Dave Simpson: Grab The Special Times Before They're Gone

Columnist Dave Simpson writes, "These are precious moments. Whenever my grandkids have a Hershey's Kisses peanut butter cookie, I'm betting they'll remember Gramps, and the good times we had. Grab those special times."

Dave Simpson

February 26, 20244 min read

Dave simpson head 10 3 22
(Cowboy State Daily Staff)

It was the last afternoon of the last day of the last weekend of a summer that was darned near perfect.

To mark the end of summer, the three of us walked out onto the concrete pier at the little beach where we'd spent just about every lazy vacation afternoon. The kids caught crayfish that summer, built sand castles and made friends. I enjoyed a good book, planted in a folding chair under a beach umbrella, a couple of Old Styles chilling in the cooler.

“Let's do this every year, to mark the end of another great summer together,” I said to my two grade-school age kids, my daughter two years older than my son. They happily agreed.

 Both were excellent swimmers. No worries there. I was there for every session of “Moms and Tots Swimming Lessons” for both of them at our local YWCA, the only mom in the group with a hairy chest.

We grabbed hands and jumped off the dock together, savoring the final plunge of summer, bobbing to the surface, laughing and swimming back to the beach. It would be back to reality the next day, back to school for the kids, back to work for me.

Every year I'd take a picture of them at the beach, holding up their arms and making Charles Atlas biceps for the camera. I have those pictures in a box somewhere, favorite memories.

I wanted to jump in the lake with my kids at the end of every summer. I wanted those good times to last forever.

But, it wasn't to be. In fact it never happened again.

The next year my daughter was going into junior high, with lots of friends in our neighborhood, and she had much cooler things to do than travel hundreds of miles to jump off a dock with her dad and her little brother. She had been part of many long winter weekends up north, swimming at a local lodge. We always got doughnuts at the lodge bakery at the end of the afternoon.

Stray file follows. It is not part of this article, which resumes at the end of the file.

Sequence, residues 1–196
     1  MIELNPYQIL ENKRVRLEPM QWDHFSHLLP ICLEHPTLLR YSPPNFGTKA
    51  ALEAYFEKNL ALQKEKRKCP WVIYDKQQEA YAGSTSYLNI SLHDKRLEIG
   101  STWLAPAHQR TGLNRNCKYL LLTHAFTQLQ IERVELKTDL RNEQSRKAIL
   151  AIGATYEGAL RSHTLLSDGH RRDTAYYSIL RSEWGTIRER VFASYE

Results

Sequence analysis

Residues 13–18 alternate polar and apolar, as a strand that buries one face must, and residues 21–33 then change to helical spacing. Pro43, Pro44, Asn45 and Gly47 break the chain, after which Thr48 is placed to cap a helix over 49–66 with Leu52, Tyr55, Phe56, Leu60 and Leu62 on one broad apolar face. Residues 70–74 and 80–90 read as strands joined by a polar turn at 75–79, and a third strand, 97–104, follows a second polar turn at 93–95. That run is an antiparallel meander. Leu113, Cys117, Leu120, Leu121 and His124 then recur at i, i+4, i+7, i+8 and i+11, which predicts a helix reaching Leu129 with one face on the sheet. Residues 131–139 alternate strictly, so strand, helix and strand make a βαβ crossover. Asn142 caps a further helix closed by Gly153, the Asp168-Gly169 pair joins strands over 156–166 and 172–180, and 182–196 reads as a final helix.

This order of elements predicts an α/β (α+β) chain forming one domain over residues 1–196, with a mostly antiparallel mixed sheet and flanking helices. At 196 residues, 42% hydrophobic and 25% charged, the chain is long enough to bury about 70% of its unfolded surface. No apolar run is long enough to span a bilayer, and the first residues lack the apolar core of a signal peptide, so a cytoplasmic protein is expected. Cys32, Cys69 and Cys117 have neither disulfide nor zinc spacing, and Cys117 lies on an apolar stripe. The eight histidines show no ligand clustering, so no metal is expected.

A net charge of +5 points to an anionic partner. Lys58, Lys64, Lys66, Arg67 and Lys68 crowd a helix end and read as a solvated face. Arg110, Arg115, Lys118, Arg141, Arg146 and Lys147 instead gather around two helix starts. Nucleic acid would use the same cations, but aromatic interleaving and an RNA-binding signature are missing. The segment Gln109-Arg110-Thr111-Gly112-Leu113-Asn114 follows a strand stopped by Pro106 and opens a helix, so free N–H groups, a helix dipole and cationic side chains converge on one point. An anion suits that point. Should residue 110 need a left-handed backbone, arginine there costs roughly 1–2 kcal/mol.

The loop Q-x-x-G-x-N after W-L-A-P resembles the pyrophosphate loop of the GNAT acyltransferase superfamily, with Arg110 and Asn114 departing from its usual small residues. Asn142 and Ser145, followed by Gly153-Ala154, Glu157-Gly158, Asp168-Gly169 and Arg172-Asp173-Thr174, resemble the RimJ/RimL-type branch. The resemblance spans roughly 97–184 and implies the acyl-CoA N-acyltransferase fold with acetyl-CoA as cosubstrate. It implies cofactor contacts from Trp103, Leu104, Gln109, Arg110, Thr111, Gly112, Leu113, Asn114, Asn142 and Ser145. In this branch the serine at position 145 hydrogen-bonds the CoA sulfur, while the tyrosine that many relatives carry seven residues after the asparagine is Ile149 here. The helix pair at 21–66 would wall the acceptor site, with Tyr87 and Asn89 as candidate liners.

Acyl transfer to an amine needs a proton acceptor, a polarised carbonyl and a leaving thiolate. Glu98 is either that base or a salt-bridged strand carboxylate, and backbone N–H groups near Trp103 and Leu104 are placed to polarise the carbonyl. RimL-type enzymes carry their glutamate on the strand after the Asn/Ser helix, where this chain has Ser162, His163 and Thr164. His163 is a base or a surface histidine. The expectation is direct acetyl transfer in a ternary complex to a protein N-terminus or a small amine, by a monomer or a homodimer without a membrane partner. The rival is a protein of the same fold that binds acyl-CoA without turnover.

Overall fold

But then those long weekends weren't as important to her as events at home with her friends.

The first time my son and I went to swim at that lodge without her, I said, “It isn't as much fun without your sister.” He replied, “Yeah, but let's not tell her.”

It was just the first hint of what was to come. Of dad not being the big deal he once was. Of high school and activities. Of heading off to college, deciding what the heck they wanted to be, of storing their junk in my garage, and maybe seeing them at Christmas.

 And maybe not.

There were precious memories of time spent together, and when we gathered years later to bury my mother - their grandmother - we went down to our favorite beach, and I took a picture of them – young adults by then - flexing their Charles Atlas biceps. Just like when they were little. That picture is framed and hanging on my wall.

The beach, by then, was choked with weeds. Not like before. Time marches on. And we haven't been back since. Kind of sad.

These days, the two little people I like to spend precious moments with are my granddaughters, ages three and five, red hair, blue eyes, getting comfortable in the pool just like their mom at their age, and always ready to bake Hershey's Kisses peanut butter cookies when Gramps comes to visit.

The older granddaughter remembers the time I turned the mixer on too fast, and blew flour all over our faces and the kitchen. Her little sister unwraps the Kisses while the cookies bake, and re-routes more than a few into her mouth. We always take a picture of the cookies cooling on a rack, with my able assistants looking on. Big smiles.

 Every visit, we bake cookies. It's a rule.

What a joy being grandparents. Well worth the wait.

Lots of precious moments to remember. Just like my son and daughter and I jumping off that dock, holding hands, celebrating the end of a perfect summer.

Special times that are way too fleeting.

We grab them and hold on tight.

Dave Simpson can be reached at: DaveSimpson145@hotmail.com

Share this article



Dave Simpson

Political, Wyoming Life Columnist

Dave has written a weekly column about a wide variety of topics for 39 years, winning top columnist awards in Wyoming, Colorado, Illinois and Nebraska.